In my last post, I discussed Every Minute Counts, a book that influenced me early in my career as a high school teacher in the 1980’s. It was mostly useful because of David R. Johnson’s suggestions on how to run a class discussion, and his insistence that the teacher needs to hear from every student, not just the two or three most vocal participants. I had received training in a slightly different approach to those same goals in the 1970’s when I was a “Community Teaching Fellow” (CTF) back in my graduate school days. As a CTF, I spent 40 minutes a day teaching math to 3rd graders, four times a week. On the fifth day, I spent 40 minutes observing another CTF. It was a two-way street: other CTFs attended my classes, and gave me feedback. This was a powerful approach to training a beginner: I learned not only how to run an effective discussion, but also that I should aim high and respect the intelligence of my students.
In 1981, I moved from K-5 into high school. This transition felt almost like starting a new career. In many ways, what I had learned about pedagogy as an elementary school teacher still applied, but I needed to learn a lot more to grow into my new job. That’s when I came across Geometry: A Guided Inquiry (GGI), a way-ahead-of-its-time 1970 textbook by Chakerian, Crabill, and Stein. It was just what I needed, and had an enormous impact on me, both as a teacher and later on as a curriculum developer. In fact, of all the books I’ve seen in my 49 years in math education, this is probably the one that taught me the most, by far. In this post, I will try to explain why by listing some specifics.
1. Group work helps student learning. The front matter of the Instructors’ Edition explained the benefits of students working in collaborative groups. (Here, I have to trust my memory, because I only have a copy of the student book.) Students get a deeper understanding if they discuss the math with each other; and this setup allows the teacher to pay attention to (e.g.) eight groups rather than 32 students. The authors also argued that groups of four are optimal, because in groups of three one student is often left out, and groups of five are unwieldy.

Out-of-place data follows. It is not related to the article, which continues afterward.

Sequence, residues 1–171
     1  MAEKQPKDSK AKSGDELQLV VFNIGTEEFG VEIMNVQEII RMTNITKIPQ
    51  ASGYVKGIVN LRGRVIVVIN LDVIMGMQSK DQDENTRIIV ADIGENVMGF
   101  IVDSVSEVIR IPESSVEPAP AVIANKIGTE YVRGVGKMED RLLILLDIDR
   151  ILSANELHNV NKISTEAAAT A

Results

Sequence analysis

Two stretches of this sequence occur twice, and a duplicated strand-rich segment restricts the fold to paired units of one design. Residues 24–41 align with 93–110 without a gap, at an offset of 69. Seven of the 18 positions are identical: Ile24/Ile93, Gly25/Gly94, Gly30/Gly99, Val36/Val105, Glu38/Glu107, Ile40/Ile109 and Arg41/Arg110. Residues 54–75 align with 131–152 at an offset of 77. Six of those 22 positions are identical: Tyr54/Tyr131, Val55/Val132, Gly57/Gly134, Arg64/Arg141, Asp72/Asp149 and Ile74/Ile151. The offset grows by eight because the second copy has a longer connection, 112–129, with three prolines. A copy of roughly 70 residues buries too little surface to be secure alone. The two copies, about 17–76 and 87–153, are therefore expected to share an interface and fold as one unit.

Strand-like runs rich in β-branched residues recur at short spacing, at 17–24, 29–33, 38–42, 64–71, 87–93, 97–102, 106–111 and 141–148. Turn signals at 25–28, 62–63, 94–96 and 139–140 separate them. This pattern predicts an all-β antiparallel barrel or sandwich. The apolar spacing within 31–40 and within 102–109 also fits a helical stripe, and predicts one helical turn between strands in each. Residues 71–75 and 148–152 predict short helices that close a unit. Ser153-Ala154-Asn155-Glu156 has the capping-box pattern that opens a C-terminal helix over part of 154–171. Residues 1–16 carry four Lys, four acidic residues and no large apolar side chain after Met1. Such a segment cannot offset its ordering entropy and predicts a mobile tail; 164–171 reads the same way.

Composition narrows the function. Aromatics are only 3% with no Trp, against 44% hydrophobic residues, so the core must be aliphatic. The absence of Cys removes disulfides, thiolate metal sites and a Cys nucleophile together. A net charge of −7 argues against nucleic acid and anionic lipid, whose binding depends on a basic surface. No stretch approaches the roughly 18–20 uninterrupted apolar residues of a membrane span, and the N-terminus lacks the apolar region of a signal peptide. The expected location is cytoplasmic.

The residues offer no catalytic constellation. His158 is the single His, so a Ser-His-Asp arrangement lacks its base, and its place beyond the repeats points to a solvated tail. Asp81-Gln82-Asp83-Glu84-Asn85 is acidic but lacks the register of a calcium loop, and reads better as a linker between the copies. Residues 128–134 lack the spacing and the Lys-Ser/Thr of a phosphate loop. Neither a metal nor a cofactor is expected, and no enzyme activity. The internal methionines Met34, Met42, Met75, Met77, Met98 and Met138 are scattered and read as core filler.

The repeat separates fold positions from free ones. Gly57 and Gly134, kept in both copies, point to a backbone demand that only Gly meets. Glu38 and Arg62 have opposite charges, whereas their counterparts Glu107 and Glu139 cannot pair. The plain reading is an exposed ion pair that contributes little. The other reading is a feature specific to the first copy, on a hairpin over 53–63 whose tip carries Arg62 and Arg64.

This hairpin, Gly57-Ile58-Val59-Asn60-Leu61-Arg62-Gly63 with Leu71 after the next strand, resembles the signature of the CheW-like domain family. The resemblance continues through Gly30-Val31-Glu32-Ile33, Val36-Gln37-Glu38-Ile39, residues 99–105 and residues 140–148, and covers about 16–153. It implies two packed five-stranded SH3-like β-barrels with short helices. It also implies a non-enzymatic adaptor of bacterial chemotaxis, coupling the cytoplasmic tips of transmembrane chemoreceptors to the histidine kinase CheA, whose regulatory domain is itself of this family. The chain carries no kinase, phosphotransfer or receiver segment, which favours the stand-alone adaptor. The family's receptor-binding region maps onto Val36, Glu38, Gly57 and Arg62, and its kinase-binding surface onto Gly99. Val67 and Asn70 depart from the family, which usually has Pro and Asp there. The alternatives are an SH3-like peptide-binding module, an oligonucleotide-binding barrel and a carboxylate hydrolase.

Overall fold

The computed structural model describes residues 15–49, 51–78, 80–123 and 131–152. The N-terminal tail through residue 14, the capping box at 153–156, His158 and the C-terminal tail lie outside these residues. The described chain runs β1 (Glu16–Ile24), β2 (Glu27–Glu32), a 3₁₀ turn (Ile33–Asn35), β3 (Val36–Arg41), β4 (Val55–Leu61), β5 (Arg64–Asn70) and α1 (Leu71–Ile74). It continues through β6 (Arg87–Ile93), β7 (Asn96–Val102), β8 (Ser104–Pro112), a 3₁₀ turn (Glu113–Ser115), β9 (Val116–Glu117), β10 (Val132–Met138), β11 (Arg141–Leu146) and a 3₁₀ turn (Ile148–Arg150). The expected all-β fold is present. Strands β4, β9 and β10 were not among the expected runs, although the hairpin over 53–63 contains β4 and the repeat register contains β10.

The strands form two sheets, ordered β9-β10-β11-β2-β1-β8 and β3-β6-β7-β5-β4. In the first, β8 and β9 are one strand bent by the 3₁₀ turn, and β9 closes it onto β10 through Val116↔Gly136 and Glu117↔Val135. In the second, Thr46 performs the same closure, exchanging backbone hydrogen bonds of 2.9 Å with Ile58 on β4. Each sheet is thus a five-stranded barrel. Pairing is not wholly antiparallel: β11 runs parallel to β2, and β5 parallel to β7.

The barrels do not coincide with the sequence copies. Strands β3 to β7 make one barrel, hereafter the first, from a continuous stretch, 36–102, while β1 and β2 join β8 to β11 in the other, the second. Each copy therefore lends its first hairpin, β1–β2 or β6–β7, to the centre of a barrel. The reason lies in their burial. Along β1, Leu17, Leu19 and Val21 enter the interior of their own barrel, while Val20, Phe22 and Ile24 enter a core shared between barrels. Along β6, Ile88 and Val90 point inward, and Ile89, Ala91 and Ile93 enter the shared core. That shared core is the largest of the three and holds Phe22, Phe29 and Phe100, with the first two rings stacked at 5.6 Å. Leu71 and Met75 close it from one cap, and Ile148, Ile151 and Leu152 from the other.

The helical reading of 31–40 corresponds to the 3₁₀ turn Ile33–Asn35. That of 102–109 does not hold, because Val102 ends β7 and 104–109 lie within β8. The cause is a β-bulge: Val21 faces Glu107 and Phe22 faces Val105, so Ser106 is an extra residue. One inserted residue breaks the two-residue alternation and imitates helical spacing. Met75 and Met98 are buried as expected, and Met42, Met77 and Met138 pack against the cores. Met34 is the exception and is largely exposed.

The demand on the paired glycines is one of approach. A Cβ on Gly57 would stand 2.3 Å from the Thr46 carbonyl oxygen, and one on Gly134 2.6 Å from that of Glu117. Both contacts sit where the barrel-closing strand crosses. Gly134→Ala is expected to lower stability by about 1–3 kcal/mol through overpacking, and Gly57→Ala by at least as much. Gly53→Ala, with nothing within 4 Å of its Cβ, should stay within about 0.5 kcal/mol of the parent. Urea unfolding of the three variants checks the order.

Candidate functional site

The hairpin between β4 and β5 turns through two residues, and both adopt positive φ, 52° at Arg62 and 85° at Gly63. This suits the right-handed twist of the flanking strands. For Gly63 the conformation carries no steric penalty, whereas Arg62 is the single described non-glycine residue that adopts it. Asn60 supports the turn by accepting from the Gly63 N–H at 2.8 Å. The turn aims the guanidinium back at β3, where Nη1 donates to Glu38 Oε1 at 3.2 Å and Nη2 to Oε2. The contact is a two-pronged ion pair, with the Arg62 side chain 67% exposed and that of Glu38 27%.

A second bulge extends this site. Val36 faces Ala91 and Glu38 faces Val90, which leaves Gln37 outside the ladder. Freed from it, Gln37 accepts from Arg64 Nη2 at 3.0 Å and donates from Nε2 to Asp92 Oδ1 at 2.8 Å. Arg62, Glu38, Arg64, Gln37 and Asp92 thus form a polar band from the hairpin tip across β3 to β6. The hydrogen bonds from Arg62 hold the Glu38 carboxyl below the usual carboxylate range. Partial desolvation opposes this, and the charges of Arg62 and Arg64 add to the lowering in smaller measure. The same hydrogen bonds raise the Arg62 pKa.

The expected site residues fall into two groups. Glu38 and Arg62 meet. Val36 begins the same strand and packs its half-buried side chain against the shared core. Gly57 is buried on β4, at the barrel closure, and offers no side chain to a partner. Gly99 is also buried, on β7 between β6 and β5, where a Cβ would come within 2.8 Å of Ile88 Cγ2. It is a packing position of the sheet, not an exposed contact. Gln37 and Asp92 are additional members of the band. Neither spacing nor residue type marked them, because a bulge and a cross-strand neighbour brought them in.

2. Tradition is not a good guide to the sequencing of topics. Or at least, it should not prevent a teacher or curriculum developer to consider other options. For example, starting with definitions of points, lines, rays, etc. is a terribly boring start to a course. Or, the concept of deductive reasoning need not be introduced prior to doing interesting geometry. And so on. In particular, it verges on insanity to start with formal proofs of self-evident results, such as:
Midpoint Theorem: If M is the midpoint of AB, then AM = AB/2 and MB = AB/2
There is no quicker way to convince students that math is weird twilight zone where their teacher is an idiot, and yet they need to do what they say. (OK, I’m exaggerating, but the point of proof is to dispel doubt. The idea that obvious statements need proof is an advanced idea, completely inappropriate for the first few days of a 9th or 10th grade course.)
3. Most students don’t learn things that they only see once. Each chapter of GGI is organized in three parts. Central is where the ideas are introduced. Review goes back over those ideas, using many interesting problems. And Projects include extensions which are not required for the book’s sequencing to work. At a certain point, I realized that forging ahead to the next Central while assigning Review problems as homework was a way to extend student exposure to the concepts. This was the seed of my idea about lagging homework. (Read about that here.)